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What is Medicare Advantage? A Guide to Your Options

Mar 29, 2020 6 min read Bana Jobe

Key Takeaways

  • Medicare Advantage (MA) is Medicare operated by private insurance companies.
  • Not all locations have Medicare Advantage plan options.
  • MA plans often have some differences in benefits, so it is important to compare the options.


What is Medicare Advantage?

Also known as "Medicare Part C" or "MA plans," Medicare Advantage Opens in new window plans are a way to get Medicare coverage through a private insurance company. An MA plan may also be offered in combination with Medicare’s pharmacy benefit or “Medicare Part D”.



How do Medicare Advantage plans work?

Medicare Advantage plans are provided by private health insurers, which have been authorized by the Centers for Medicare and Medicare Services (“CMS”). MA plans must comply with Medicare Advantage rules, but are in many ways administered like a regular health insurance policy you might get from an employer or the HealthCare.gov Opens in new window marketplace. Instead of paying a health care provider for services, as is the case with traditional Medicare, under Medicare Advantage CMS pays the authorized private health insurance to provide the Medicare benefits to you. You also have all the same rights Opens in new window as beneficiaries enrolled in traditional Medicare.


How much does Medicare Advantage cost?

Some MA products are zero premium and others charge some amount of premium. Premium costs, as well as out of pocket costs, will vary from plan to plan and will depend on location and what supplemental benefits are provided. It is important to check each MA plan's costs and coverage as you compare your options, and assess those factors alongside your financial strategy.


What are my Medicare Advantage options?

As you compare your MA plan options you will start to see commonly used terms and acronyms:

  • Health maintenance organizations (HMO) may limit you to receiving services only from in-network providers — and may require you to have a referral from a primary care doctor to see specialists.
  • Preferred provider organizations (PPO) offer a broader option of providers, but usually at a higher cost to you.
  • Special Needs Plans (SNP) are designed to focus on the unique needs of people with certain medical conditions or populations, such as dual eligible (i.e. enrolled in both Medicare and Medicaid). They may not offer drug coverage.
  • HMO Point-of-Service (HMOPOS) plans may offer out-of-network coverage for some health care services — but at a higher cost to you.

Not all areas offer all plan types, so your choices may vary once you start comparing your options on Medicare's Plan Finder. Opens in new window


Who is eligible?

People typically become eligible for Medicare at age 65, but there are certain other limited ways to be eligible if you are under 65, such as if you have been receiving disability benefits for more than two years. However, if you have end-stage renal disease (ESRD) Opens in new window, you are not eligible for a Medicare Advantage plan.


Advantages of Medicare Advantage

Medicare Advantage plans all offer the established Medicare Part A and B benefits, but are different in some respects, such as premium, out-of-pocket expenses, provider network, types of supplemental benefits and pharmacy benefits. You will also need to determine your medical needs and choose which Medicare Advantage plan is the best fit for you.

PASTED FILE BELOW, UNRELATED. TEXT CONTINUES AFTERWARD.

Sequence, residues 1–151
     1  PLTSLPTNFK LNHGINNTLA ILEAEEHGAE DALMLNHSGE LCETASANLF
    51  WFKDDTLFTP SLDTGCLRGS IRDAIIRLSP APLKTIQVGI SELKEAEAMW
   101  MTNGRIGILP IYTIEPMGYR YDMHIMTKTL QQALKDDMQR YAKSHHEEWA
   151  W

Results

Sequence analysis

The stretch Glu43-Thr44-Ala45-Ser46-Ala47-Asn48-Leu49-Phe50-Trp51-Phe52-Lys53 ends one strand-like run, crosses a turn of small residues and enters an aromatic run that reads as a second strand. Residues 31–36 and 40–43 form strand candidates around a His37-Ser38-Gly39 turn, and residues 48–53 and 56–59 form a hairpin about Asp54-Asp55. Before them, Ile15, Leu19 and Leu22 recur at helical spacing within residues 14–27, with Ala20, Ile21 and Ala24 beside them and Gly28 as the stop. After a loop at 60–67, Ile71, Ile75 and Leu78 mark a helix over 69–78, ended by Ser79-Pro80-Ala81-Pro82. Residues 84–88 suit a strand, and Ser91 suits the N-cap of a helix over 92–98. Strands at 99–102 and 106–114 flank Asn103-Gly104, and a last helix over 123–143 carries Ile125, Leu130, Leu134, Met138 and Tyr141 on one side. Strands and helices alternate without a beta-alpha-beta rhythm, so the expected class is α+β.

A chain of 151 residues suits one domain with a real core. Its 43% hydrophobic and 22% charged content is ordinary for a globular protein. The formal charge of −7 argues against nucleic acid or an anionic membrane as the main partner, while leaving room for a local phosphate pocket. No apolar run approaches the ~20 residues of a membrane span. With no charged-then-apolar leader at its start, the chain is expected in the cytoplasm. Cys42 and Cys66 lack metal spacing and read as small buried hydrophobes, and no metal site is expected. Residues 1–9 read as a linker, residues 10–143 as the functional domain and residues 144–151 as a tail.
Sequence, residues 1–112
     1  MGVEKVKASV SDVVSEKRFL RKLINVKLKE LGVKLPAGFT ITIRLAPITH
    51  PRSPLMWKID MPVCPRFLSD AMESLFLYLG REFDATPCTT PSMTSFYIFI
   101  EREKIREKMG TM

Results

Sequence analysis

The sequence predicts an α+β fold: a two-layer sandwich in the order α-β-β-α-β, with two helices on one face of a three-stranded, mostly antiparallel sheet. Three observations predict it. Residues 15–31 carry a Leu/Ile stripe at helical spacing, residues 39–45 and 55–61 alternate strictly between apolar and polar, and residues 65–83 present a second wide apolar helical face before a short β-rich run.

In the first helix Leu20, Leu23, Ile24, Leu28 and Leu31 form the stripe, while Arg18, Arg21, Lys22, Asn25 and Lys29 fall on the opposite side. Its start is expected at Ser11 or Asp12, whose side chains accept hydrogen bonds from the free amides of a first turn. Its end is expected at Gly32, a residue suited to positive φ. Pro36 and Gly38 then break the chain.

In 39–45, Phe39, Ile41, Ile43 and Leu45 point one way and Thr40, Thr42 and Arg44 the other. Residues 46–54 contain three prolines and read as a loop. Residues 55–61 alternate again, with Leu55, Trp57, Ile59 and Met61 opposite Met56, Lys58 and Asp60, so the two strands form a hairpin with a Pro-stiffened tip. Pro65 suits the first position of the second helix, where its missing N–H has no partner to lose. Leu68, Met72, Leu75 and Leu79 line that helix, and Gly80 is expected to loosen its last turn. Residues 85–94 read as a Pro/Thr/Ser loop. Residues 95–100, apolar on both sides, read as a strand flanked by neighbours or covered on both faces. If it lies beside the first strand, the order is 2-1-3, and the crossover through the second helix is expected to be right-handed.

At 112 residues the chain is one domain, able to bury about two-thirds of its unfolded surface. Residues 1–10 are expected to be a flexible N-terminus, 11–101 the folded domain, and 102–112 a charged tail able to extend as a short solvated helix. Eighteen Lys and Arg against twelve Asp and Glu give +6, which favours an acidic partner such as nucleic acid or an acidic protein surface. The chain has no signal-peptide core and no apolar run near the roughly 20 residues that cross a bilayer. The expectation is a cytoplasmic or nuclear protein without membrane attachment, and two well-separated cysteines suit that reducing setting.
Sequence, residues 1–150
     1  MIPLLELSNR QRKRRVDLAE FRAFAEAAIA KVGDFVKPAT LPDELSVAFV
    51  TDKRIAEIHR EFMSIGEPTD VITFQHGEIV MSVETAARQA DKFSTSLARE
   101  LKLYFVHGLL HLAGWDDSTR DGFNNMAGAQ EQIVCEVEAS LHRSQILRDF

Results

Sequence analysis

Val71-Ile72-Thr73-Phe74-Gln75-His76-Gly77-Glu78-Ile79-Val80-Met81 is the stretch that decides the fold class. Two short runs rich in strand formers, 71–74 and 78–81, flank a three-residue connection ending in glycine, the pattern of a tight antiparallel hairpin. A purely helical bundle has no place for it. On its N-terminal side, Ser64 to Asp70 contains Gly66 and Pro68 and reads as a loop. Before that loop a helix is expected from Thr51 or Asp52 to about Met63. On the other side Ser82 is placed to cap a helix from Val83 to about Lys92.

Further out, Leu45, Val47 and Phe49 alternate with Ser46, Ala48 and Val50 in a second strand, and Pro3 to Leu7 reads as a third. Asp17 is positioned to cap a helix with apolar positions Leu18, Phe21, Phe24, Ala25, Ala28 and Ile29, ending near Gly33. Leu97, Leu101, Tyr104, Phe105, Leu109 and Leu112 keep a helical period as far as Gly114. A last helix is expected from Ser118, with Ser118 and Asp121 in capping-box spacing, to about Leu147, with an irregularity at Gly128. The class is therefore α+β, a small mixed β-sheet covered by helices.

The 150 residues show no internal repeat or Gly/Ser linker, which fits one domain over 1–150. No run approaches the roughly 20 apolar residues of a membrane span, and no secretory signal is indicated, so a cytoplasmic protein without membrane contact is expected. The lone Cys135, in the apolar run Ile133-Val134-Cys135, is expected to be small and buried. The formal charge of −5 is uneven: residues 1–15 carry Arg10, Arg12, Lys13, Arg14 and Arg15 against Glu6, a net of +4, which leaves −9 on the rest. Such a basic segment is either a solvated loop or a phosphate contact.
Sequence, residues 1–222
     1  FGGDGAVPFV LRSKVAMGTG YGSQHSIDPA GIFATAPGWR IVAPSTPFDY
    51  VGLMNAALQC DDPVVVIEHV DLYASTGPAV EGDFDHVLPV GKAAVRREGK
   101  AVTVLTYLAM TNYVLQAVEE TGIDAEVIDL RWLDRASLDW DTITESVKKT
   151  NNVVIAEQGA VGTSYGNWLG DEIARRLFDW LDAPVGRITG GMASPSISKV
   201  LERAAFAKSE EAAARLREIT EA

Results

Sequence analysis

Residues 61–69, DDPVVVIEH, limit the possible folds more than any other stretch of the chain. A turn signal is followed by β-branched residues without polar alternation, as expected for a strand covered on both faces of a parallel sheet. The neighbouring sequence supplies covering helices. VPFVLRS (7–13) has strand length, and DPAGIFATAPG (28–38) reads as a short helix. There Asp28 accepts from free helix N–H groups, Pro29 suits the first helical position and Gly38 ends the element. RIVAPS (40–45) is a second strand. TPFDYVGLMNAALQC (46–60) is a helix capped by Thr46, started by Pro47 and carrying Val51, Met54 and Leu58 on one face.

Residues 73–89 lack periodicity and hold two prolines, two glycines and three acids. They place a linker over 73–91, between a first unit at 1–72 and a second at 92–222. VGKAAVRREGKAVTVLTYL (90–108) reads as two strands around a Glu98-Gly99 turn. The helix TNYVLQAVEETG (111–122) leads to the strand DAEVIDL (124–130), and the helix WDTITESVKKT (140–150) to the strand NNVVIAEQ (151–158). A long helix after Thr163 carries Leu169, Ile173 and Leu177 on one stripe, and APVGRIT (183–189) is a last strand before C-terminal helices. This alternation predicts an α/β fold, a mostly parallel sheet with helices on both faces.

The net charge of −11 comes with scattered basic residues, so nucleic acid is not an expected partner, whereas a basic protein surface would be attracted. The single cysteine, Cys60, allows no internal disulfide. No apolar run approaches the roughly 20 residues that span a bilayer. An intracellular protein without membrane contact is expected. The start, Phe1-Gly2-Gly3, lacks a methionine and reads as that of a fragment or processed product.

One advantage of having a Medicare Advantage plan is that the supplemental benefits and other benefits may be more in line with your needs. Some of these supplemental benefits may be gym membership, dental services Opens in new window and vision coverage.


Disadvantages of Medicare Advantage

Disadvantages are that you may be limited in which health care provider you can see, and while the Medicare Advantage plan must offer Medicare Part A and B, it could change the supplemental benefits it offers each year. Also, you must receive all non-emergency care within the Medicare Advantage plan’s services area and network. If you do not, you may have higher out-of-pocket expenses, or the coverage could even be denied. Additionally, a health insurer may choose to stop offering their MA plan in your location depending on their business needs. This is relatively rare and CMS notes that very few plans have stopped offering Medicare Advantage plans Opens in new window, but it is a possibility. If this were to happen with an MA plan in which you have enrolled, you would receive a notice and have the option to either choose another Medicare Advantage plan or go back to traditional Medicare.


How can I sign up for Medicare Advantage?

Visit Medicare's Plan Finder Opens in new window to learn about your options — as well as the costs associated with each. From there, you can go to each plan's website to learn more or enroll. You can also call 1-800-MEDICARE (1-800-633-4227) for help.

Before you enroll, make sure you have your Medicare card. You'll need to provide your Medicare number and the date your Original Medicare coverage began.

And be sure to check your plan's drug coverage. If it doesn't offer drug coverage (such as with MSA plans), you'll need to enroll in Medicare Part D to get that benefit. But be careful to not double-up drug coverage: If you enroll in Medicare Part D with an HMO or PPO (which has drug coverage), you'll get removed from your MA plan and sent back to Original Medicare.


What you can do next

Visit Medicare's Plan Finder Opens in new window to check out the Medicare Advantage plans available in your area.



Bana Jobe is an Austin-based health writer and editor with more than a decade of content experience for brands, agencies and digital media. She loves turning complex concepts into empowering stories.

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